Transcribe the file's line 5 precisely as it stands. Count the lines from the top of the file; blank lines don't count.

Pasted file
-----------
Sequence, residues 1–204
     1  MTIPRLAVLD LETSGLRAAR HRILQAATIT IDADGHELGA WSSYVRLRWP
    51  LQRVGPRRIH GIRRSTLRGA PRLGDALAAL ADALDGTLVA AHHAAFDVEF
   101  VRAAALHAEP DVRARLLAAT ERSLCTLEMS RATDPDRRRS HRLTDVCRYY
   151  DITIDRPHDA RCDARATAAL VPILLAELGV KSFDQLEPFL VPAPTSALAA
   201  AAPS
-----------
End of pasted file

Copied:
   151  DITIDRPHDA RCDARATAAL VPILLAELGV KSFDQLEPFL VPAPTSALAA